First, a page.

What is beyond any doubt is the power struggle at Rangers and what Alistair Johnston, the former chairman, calls a cancer spreading through the club. It’s a cancer that has been there quite some time, beginning, of course, in the hubristic days of David Murray and, to be precise, with his devotion to the EBT scheme.
When Murray wanted out of Ibrox it was the fear of a howitzer tax bill that kept prospective responsible owners away, a vacuum that was eventually filled by Whyte and later by Green and Imran Ahmad and now possibly the Easdale boys and any number of other mysterious characters who know little of the club but know for sure that there is money to be made from it.
Arrogance put Rangers in this hole in the first place and Whyte just kept on digging. A few weeks ago I spoke to Paul Murray, a former director at Ibrox and one who unquestionably has the best interests of Rangers at heart, a description given to so many but deserved by so few.
Murray felt that there are only two people on the current Rangers board that he trusted – Walter Smith and Malcolm Murray. Soon both might be gone. Perhaps Malcolm Murray’s apparent indiscretions warrant the desperate push to get rid of him as evidenced by the recent vote of no confidence. That’s fine, as long as you’re replacing him with another executive whose reason for being there is to ask what he can do for his club rather than what the club can do for him.
It’s a symbol of horrible neglect that this type of character is a dying breed at Ibrox.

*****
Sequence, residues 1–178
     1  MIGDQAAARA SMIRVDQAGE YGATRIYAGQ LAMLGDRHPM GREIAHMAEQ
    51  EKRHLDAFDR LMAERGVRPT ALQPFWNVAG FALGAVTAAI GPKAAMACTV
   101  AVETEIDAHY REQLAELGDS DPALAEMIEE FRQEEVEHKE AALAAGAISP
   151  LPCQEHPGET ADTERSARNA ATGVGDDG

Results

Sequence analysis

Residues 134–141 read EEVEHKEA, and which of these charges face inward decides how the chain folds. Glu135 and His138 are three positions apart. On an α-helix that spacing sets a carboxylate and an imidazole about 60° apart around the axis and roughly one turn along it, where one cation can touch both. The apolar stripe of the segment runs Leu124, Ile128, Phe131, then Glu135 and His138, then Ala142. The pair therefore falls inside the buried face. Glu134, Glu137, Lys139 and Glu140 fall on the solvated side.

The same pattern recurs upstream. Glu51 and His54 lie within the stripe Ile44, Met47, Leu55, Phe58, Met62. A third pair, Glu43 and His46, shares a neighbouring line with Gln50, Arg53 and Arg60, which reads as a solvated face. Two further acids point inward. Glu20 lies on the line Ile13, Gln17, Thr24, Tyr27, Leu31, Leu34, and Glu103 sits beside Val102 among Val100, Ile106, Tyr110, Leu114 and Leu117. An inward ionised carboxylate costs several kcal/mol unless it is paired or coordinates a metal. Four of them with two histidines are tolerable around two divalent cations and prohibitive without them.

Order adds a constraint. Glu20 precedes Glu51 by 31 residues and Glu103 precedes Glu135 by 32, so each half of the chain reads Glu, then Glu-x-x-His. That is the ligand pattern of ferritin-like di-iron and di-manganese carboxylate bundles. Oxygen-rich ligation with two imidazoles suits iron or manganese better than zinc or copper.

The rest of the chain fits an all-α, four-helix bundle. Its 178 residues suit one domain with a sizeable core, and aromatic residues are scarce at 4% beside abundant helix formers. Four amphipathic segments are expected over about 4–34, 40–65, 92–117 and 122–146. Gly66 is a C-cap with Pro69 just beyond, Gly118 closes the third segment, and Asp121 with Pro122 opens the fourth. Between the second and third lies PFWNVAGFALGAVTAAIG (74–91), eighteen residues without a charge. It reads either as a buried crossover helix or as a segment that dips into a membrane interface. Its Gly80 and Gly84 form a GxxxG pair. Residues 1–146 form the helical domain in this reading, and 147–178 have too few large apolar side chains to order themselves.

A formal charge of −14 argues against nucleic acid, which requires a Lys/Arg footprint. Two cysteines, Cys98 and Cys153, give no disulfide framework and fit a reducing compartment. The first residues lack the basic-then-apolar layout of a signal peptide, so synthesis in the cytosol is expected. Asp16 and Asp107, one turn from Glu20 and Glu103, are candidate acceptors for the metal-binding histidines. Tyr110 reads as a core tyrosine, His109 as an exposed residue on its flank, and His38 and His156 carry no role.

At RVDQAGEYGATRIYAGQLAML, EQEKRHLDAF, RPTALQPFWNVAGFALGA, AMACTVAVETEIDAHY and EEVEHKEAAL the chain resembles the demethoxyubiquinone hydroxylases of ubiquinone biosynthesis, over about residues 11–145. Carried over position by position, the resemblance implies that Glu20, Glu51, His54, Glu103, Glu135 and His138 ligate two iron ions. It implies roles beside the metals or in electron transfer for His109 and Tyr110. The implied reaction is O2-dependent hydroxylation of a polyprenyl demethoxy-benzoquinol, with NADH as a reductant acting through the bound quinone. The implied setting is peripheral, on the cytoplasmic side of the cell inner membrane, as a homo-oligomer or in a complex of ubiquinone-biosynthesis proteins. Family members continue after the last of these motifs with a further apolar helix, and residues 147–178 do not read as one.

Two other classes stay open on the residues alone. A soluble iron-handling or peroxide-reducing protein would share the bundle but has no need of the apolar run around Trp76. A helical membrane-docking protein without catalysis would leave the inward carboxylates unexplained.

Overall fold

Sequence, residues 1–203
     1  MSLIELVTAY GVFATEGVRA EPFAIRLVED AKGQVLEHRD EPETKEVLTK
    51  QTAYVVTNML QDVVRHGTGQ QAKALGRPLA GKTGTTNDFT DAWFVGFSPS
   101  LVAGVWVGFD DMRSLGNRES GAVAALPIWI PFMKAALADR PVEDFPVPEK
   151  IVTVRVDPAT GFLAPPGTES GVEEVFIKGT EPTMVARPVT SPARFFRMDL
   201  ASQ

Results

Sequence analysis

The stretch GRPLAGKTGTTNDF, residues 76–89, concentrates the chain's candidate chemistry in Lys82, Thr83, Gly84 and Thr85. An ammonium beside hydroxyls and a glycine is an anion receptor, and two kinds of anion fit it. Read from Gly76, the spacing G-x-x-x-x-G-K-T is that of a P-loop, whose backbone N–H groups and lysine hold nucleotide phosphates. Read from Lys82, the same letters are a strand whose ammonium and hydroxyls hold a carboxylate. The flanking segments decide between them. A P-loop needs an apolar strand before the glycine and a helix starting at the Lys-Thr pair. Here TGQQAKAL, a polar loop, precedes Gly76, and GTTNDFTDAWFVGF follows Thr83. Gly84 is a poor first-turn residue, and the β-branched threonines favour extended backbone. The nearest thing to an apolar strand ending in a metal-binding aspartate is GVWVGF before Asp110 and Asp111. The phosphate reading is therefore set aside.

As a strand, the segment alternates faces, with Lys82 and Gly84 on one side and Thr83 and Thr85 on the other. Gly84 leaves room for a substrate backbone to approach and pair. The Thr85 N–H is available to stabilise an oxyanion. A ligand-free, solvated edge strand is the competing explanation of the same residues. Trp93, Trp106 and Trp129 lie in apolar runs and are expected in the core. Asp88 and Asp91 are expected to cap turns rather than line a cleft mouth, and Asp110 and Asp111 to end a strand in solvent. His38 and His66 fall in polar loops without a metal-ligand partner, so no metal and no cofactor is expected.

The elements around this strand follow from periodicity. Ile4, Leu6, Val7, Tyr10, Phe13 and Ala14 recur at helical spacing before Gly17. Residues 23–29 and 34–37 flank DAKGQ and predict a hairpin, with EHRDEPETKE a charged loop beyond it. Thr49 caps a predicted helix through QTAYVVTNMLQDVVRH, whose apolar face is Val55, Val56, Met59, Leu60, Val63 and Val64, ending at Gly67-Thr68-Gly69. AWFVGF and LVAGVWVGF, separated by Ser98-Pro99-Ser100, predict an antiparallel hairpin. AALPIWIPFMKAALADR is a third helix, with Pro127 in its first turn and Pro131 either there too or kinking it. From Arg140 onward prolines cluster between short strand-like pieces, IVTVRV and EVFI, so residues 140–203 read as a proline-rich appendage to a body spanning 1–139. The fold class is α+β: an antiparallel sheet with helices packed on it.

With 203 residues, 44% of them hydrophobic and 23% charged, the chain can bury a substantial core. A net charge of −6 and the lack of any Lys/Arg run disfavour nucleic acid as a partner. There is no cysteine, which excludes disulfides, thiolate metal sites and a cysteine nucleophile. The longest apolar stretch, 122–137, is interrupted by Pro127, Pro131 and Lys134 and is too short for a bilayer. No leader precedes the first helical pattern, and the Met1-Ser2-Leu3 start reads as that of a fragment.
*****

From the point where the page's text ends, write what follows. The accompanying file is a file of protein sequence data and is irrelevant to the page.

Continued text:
Who needs play-offs in this mad, mad world?
Scottish football doesn’t do run-of-the-mill catastrophes, it does multi-layered head-wreckers involving Lithuanian translators trying to find out and relay the machinations of Hearts’ parent company UBIG’s insolvency to the SPL. It involves Scottish lawyers analysing those machinations and how it all relates to the Tynecastle club, the SPL rulebook and their place in the competition next season. If they have a place, that is.
Tomorrow at Hampden the board of the SPL will meet and on the agenda will be the desperate uncertainty at Tynecastle. The chances are that, when Hearts are up for discussion, the gentlemen in the room will look at each other with bewildered expressions.
Information is coming slowly from Lithuania. Hearts are at the centre of Neil Doncaster’s universe at the moment but the club is merely a dot on the landscape to those administering the financial carnage left behind by Vladimir Romanov, right.
If there’s a decision taken on Hearts tomorrow, it would be a surprise given the lack of clarity from abroad. There is an insolvency event coming at Tynecastle, it would seem but, in the business of a possible points deduction, there is uncertainty. This season? Next season? Hearts to be relegated? Dundee to survive?
Who needs end-of-season play-offs to add excitement when you have, for the second year running, one of the country’s major clubs teetering on the brink? What cage fighting is to boxing, elements of Scottish football are to the beautiful game. Hearts, but most especially Rangers, represent hardcore lunacy. Instead of getting the cameras pitchside, Sky should go live to some of these boardroom meetings. The action around the table is, once again, offering a compelling conclusion to the season with the promise of a summer of madness to come.
Another one, that is.